Several genes involved in DNA replication and chromatin remodelling were also noted: a minichromosome maintenance factor (MCM5, −2.4), regulators of histone acetylation (ING1, −3.0; TWIST2, −3.0) and a silencer of heterochromatin (SALL1, −4.1). Other related genes were also affected, but less significantly (MCM2, −1.7; MCM3, −1.7; MCM4, −2.0; MCM7, −1.6; the licensing factor CDT1, −1.8; CFAF1A chromatin assembly factor, −1.6; TWIST1, −1.9). Interestingly, all were down-regulated in HGPS. The only up-regulated gene in the chromatin category was HDAC9, a histone deacetylase (2.5-fold). Viewed together, these changes are indicative of reduced cellular proliferation.

The second largest category is extracellular matrix (ECM) components (30 genes), including enzymes involved in ECM synthesis or modification (Table 1). Production of the extracellular matrix is an important function of mesenchymal cells, and previous studies have indicated that mesoderm-derived lineages, including cardiomyocytes, cardiovascular endothelium, bone, cartilage and adipose, are severely affected in HGPS. All the major components of the basement membrane, with the exception of perlecan, are significantly up-regulated in HGPS: type IV collagens alpha 1 (COL4A1, +3.6), alpha 2 (COL4A2, +2.5), alpha 5 (COL4A5, +7.4), laminin alpha 5 (LAMA5, +3.3), netrin 4 (NTN4, +15.4) and nidogen 2 (NID2, +5.3). The gene expression changes are suggestive of excess ECM deposition (increased expression of ECM components, decreased expression of ECM remodelling enzymes); evidence for these effects can now be sought in autopsy material. Increased ECM deposition would be expected to have structural effects on tissue function, and could also result in signalling imbalances with adverse effects on neighbouring cells of various lineages.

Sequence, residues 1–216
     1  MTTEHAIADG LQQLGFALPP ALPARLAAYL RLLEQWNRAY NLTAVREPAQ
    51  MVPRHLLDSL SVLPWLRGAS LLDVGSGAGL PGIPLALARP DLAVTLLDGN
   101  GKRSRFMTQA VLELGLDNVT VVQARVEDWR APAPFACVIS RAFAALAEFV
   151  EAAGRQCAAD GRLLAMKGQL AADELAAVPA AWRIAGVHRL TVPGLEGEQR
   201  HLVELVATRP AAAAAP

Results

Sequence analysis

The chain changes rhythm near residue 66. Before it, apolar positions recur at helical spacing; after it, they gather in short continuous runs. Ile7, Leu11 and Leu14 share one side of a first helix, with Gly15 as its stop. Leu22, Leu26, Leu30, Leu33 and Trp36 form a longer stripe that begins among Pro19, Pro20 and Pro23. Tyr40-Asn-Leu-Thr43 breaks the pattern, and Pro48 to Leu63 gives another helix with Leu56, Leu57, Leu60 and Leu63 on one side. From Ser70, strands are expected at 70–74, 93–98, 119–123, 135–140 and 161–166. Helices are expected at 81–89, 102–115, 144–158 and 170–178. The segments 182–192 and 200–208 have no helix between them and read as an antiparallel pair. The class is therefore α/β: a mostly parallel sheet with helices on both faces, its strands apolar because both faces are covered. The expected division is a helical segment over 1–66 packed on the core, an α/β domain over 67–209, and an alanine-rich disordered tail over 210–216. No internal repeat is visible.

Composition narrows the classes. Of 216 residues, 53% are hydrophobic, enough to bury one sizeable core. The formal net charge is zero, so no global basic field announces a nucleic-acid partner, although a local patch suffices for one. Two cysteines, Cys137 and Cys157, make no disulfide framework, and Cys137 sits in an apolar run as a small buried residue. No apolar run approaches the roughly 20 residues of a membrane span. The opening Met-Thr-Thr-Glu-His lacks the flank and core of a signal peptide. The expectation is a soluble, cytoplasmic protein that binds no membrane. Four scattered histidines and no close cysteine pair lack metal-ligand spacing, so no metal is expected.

Candidate genes involved in atherosclerosis

In terms of tissue and organ function, the largest category (31 affected genes) show clear vascular and atherosclerosis involvement: three transcription factors, three ECM components (Table 1) and 25 additional genes with a variety of other molecular functions (Table 2). Skeletal, limb and cartilage involvement is the second most prevalent category (22 affected genes): ten transcription factors, nine ECM components (Table 1) and three additional genes with other functions (Table 2). The increased expression of two transcription factors, MEOX2/GAX (+29.1) and GATA6 (+3.9), both of which are known negative regulators of vascular smooth muscle cell proliferation, may antagonize cell cycle entry of vascular smooth muscle cells and thus impede tissue regeneration. Autopsies of HGPS patients have described extensive depletion of smooth muscle in the aortic media (Stehbens et al., 2001; Ackerman & Gilbert-Barness, 2002). MEOX2/GAX is also involved in skeletal and craniofacial development as well as limb myogenesis (Walsh & Takahashi, 2001); given its significant misregulation and the clinical features of HGPS, this gene warrants further scrutiny.